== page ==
New York has banned the controversial “gay and trans panic” defence for murder.
New York lawmakers passed through a bill banning a defendant from justifying murder by arguing that they were disturbed by the victim’s “sexual orientation, gender identity, gender expression as a defence in a criminal case.”
The bill was sponsored by Assemblyman Daniel O’Donnell, a gay Democrat from the city.
Gov. Andrew Cuomo (D-N.Y.) wrote on Twitter, along with a statement regarding the ban:
The ban on the ‘gay and trans panic’ legal defense [sic] just passed! With the enactment of this measure we are sending this noxious legal defense [sic] strategy to the dustbin of history where it belongs. This is an important win for LGBTQ people everywhere.”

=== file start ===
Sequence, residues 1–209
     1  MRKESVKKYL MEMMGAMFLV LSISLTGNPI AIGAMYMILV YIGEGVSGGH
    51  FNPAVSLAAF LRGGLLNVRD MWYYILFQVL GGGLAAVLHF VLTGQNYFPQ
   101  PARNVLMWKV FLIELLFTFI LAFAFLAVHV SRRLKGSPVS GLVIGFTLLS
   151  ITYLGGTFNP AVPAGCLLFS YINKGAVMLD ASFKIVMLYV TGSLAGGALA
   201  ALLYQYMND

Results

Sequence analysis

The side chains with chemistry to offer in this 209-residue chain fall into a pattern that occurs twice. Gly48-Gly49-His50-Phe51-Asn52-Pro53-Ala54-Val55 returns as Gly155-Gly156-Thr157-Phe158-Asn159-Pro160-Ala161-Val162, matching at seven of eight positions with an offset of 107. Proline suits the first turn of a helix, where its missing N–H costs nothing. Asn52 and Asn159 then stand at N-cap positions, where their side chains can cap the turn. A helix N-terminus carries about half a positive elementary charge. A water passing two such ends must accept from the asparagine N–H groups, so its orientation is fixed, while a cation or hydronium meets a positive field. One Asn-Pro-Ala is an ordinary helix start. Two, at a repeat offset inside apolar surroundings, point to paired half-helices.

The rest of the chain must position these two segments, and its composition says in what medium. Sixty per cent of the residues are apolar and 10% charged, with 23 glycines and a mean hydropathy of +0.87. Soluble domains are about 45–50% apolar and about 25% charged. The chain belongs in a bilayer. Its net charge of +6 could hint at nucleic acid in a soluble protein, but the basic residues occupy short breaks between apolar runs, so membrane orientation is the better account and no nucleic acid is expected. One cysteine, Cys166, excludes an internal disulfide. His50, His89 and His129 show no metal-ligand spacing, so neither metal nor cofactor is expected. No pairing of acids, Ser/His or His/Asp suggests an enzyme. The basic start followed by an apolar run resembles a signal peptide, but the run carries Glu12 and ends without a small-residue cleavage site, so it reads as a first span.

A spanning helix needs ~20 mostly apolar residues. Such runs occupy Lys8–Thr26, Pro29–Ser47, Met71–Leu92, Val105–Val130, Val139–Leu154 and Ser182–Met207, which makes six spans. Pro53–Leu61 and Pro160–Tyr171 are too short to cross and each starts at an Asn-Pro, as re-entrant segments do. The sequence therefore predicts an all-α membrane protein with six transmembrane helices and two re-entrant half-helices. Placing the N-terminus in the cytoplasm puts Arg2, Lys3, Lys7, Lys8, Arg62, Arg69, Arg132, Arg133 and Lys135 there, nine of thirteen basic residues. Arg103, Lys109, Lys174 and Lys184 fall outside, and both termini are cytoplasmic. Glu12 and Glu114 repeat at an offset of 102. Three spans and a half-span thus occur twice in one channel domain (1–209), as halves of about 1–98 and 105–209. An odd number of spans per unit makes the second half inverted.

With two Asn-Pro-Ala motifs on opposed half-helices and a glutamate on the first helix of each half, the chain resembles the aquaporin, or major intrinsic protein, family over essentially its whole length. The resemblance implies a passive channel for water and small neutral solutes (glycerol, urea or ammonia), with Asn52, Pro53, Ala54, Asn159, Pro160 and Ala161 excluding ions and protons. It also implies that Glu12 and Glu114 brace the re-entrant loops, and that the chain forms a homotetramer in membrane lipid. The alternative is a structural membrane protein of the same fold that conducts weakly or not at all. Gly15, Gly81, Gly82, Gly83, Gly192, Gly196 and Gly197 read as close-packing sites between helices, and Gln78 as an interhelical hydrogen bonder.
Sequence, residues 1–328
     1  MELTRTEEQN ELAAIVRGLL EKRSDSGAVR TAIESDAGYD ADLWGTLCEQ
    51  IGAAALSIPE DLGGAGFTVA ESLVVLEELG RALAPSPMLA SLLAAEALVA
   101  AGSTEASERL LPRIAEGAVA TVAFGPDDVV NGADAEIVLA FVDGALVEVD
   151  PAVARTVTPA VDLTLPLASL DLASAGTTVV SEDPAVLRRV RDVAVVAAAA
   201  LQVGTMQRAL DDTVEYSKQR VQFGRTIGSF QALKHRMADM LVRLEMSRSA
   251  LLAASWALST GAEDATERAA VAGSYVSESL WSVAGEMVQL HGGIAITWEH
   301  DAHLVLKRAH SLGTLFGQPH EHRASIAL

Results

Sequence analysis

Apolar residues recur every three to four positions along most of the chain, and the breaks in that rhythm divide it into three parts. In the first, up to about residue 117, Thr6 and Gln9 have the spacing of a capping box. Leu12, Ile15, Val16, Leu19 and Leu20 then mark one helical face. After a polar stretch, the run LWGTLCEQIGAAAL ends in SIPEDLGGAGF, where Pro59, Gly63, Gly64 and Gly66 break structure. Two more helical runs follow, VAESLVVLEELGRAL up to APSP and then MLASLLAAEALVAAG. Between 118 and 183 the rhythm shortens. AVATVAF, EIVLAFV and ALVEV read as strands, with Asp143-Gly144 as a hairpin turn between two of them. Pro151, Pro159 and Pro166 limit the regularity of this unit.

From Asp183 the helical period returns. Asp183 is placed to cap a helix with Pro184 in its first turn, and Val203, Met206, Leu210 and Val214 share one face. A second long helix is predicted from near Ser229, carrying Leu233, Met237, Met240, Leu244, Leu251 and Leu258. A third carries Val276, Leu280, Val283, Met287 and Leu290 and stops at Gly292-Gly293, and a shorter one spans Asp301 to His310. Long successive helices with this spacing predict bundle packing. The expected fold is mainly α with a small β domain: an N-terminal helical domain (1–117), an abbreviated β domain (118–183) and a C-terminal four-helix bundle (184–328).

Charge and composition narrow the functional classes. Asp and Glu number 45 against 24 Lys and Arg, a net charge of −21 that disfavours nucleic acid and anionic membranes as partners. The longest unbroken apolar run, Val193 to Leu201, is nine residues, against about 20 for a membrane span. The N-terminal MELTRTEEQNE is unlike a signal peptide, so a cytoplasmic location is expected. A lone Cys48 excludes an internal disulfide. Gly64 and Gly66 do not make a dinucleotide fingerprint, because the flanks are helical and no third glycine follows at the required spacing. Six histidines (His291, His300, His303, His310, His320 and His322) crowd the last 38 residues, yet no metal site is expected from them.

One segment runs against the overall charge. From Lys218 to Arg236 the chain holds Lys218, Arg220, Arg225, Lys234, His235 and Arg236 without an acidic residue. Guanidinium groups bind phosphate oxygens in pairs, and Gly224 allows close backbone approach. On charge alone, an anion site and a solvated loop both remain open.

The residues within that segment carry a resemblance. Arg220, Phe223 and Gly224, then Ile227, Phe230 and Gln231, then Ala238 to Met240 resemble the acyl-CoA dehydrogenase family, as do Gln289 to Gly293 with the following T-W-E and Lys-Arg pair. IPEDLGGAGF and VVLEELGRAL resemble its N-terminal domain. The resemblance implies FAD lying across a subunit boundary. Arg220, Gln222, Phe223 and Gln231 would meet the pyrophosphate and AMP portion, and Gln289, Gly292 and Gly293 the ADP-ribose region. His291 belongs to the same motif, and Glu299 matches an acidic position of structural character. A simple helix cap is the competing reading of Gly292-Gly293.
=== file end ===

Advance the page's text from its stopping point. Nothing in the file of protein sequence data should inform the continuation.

This isn’t the first pro LGBT+ piece of legislation he has supported, and has also helped to pass a conversion therapy ban and the Gender Expression Non-Discrimination Act (GENDA) which adds gender identity to state discrimination and hate crime laws.
LGBT+ activists are celebrating this as a vital step towards better rights for gay, lesbian, queer, trans and non-binary people in America.
Others were shocked that this defence wasn't already banned
According to NBC News, gay and transgender panic defences have been used in approximately half of all states since the 1960s.
One of the most prominent and controversial cases to hold such a defence was the trial in the murder of Islan Nettles, who was beaten to death in Harlem in 2013 after James Dixon discovered she was a trans woman.
In the trial three years later, Dixon said: “I just don't wanna be fooled. My pride is at stake.”
Dixon was eventually convicted of first degree manslaughter and given 12 years in prison, a serving many thought too light.